Setting The Scene For Our Not So Intrepid Adventures…
One early Monday morning the scene is set. You are socially awkward, heading for depression a person unsure of himself in a sea of uncertainty. As anyone has to you soldier on, living a life as ordinary as it gets. There’s a girlfriend Alex, parents that love you a splattering of other friends and acquaintances. Most of whom you met in your frankly dull 9 to 5 job from high school or some other social gathering you’ve reluctantly agreed to attend. Through all this mundanity that is every day life, you cannot shake the feeling something is amiss somehow.. And so the quest begins
If you’ve heard of, seen or played the likes of Zork or the multitude of other text adventures from the 80‘s and early 90‘s, than you’ll get a general idea of exactly what to expect here. Unlike those games however, everything is played out via a series of interactive pages in which multiple choices are presented in true point and click fashion. So yes sadly there’s no typing out North, South, East and West, inputting commands to get sword, slay dragon, pick up key, unlock chest (mores the shame hey?).. Each page represents a moment in our protagonists life that you simply read and then it’s down to you to decide what course of action to take from the options available. As each decision is made, time elapses and a prognosis will be given as you go about your daily routine or ‘grind’ for want of a better word.
Withdrawn, depressed and not currently seeking a therapist it tells you. Neither are you on meds just hating on yourself and lacking the necessary energy, the motivation to do the most menial of tasks. You rant you rave are told to focus on a passion a hobby to occupy your time, your mind. This from friends and loved ones deeply concerned (so they should be) who have never seen you so unhappy. If my own experience has taught me anything, it’s certainly true that investing time on something you enjoy, creative or otherwise can be beneficial to your mental health. Sadly however as the game rightfully points out, passions you hold dear to your heart might not always help as hoped. There is no underestimating the impact stress and anxiety can have on our ability to do the simplest of tasks or the hobbies we enjoy.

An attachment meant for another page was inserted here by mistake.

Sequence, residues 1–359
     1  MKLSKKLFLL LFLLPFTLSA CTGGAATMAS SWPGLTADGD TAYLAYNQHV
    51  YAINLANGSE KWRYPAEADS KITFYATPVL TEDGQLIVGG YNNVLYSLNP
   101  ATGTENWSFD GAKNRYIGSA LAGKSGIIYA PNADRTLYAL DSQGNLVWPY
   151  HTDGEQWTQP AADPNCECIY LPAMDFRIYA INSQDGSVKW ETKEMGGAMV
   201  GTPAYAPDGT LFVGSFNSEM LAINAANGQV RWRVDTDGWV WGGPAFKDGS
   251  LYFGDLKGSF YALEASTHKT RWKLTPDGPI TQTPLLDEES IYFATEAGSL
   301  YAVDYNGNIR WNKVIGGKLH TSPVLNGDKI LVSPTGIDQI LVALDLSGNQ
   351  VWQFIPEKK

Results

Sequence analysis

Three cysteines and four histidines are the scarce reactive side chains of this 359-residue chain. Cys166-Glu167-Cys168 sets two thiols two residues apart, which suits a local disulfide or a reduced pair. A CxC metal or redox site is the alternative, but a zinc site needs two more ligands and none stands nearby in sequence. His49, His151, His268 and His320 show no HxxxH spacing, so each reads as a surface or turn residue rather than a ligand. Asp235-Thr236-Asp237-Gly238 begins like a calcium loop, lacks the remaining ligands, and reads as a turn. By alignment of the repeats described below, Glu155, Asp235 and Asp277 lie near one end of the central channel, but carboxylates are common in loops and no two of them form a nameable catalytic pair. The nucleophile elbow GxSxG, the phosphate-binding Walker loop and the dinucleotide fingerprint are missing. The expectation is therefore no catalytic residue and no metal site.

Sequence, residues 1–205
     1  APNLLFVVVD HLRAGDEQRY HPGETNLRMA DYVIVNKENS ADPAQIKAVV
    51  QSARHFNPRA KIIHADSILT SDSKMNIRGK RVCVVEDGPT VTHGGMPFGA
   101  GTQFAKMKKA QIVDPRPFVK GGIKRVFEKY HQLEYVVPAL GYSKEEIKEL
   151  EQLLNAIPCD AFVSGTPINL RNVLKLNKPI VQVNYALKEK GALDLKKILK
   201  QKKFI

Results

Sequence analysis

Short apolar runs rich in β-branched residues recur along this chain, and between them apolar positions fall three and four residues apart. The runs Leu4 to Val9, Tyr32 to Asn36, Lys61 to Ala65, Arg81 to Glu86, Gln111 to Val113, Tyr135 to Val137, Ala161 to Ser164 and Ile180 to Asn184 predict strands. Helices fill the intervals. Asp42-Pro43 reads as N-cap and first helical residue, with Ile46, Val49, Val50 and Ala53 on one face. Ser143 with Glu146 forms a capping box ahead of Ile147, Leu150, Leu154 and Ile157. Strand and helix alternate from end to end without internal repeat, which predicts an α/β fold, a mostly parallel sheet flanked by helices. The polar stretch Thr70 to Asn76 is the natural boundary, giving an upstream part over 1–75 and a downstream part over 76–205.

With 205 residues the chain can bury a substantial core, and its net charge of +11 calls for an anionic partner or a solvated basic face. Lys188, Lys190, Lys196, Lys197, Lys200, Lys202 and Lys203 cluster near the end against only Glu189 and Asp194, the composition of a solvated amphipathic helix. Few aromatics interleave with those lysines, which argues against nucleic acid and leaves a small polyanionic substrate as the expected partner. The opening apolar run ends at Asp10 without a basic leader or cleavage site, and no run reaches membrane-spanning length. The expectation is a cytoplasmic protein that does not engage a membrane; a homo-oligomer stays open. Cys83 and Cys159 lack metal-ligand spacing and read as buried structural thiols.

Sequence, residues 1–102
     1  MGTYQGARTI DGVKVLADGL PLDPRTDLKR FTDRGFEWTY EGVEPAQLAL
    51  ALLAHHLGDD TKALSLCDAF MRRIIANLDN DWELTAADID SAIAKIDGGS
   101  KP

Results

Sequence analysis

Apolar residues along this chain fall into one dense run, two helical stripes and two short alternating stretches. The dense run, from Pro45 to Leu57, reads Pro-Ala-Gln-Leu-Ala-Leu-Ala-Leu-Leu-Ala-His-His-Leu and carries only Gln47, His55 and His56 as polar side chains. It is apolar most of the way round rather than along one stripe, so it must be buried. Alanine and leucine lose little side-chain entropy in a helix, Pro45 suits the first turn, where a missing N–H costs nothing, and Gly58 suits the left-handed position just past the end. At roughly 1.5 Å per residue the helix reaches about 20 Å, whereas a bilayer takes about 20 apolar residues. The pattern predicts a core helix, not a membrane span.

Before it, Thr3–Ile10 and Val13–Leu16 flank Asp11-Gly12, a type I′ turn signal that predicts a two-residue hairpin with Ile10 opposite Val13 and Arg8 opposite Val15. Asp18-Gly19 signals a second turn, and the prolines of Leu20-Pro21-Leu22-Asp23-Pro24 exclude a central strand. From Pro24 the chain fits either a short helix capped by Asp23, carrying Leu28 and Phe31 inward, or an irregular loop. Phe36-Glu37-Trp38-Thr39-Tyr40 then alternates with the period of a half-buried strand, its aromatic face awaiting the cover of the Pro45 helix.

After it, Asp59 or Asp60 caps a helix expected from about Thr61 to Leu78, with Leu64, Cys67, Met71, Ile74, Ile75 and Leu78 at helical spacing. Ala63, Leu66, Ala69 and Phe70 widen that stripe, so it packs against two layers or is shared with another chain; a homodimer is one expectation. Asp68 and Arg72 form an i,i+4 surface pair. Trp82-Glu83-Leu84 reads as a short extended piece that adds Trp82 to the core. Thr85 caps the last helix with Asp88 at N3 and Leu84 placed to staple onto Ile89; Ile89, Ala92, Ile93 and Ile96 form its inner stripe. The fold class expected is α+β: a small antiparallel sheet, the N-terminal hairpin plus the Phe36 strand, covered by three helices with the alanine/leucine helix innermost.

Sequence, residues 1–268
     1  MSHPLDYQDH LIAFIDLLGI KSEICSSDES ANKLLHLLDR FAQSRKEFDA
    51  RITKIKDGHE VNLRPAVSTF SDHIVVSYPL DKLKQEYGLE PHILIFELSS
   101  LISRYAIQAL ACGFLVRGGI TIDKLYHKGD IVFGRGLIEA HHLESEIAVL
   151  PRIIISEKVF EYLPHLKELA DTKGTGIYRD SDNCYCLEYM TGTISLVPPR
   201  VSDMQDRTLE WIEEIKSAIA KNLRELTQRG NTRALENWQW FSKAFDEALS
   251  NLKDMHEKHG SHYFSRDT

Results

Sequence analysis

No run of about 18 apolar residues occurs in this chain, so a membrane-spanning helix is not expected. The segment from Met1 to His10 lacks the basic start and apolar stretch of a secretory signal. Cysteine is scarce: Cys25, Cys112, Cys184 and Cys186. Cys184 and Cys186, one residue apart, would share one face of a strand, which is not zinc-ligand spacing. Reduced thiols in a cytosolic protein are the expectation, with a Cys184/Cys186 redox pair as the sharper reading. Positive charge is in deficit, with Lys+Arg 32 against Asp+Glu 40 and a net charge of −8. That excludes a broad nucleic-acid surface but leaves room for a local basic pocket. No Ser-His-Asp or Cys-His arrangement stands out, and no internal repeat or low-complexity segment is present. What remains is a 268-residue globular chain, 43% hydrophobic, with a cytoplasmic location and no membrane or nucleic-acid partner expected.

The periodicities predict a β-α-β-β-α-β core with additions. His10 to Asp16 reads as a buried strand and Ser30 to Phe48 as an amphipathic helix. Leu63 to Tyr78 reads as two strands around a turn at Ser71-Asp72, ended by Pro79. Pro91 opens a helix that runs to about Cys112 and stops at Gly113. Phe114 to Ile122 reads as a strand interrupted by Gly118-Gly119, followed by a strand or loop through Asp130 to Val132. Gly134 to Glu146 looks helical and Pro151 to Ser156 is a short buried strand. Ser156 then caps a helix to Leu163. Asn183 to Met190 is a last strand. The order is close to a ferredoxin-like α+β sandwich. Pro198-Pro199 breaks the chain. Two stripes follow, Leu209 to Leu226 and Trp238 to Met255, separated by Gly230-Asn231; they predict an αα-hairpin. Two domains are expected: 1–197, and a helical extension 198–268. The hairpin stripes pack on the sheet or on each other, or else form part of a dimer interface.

Happy Go Lucky He Ain’t
Depression Quest does not paint the prettiest of pictures for our ailing friend, as we delve into the inner sanctum of his mind. The situations presented may seem all to real for many who dare join this quest. The characters inability to properly focus, those moments where you become so overwhelmed by your thoughts and feelings that it’s completely overpowering will undoubtedly hit home for many. I know all to well myself how upsetting it can be as a long term sufferer of depression. Especially when others see fit to tell you to buckle down, try harder that a positive mental attitude is all that is required.
The game often gives you a get out clause, the easy route out based on switching off and doing what you see best for your own mental well being. A decision which circumvents work or being social, going to a party a date. Instead you’ll be asked would you rather be social network hopping, reading up on current events or settling down to watch hours and hours worth of Youtube/TV. Depression Quest is at times for me personally at least a frighteningly accurate representation of what it means to have depression and anxiety. How easily we can find ourselves in an endless cycle having become withdrawn, possibly even avoidant. The game goes into detail how it effects people individually i.e. ourselves and those around us. The feelings of worthlessness and subsequent fear of losing loved ones through desperate anguish.
Thankfully given the impression so far it isn’t all doom and gloom, in fact at it’s core lay a message of hope. One that doesn’t ever suggest it will be easy, a simple matter of clicking your fingers and everything will be tikitiboo. As the game progresses we’re lead down a path that suggests our main protagonist may eventually to some extent, win his battle if not completely. That we’re not quite as alone as perhaps we’d think, that there are good people who truly care and will stick with us through thick and thin.
The Controversy and Metacritic Score
Scoring a lowly, basically disastrous 1.6 on Metacritic Depression Quest’s tainted history has likely contributed to the less than stellar showing across the board. Outside of the controversy other reasons cited are limited gameplay, the fact your decisions don’t seem to have any discernible effect on the eventual outcome. There’s also accusations the writing shows a general lack of understanding on the subject, that it even comes across as patronising or somewhat egotistical. Personally I felt it came very close to home on more than one occasion and I didn’t feel patronised particularly. Can see where people are coming from in terms of it being less than thrilling as a game as it’s more interactive fiction than anything else and targets a niche market.
Depression Quest is not for everyone it’s true to say and as previously stated not an easy ride. Never does it sugar coat the subject or tell you it’s all going to be OK, something I’d say is worthy of praise. Taken as a piece of literature or interactive fiction as is it’s competent, thought provoking and will doubtless have parallels with your own life.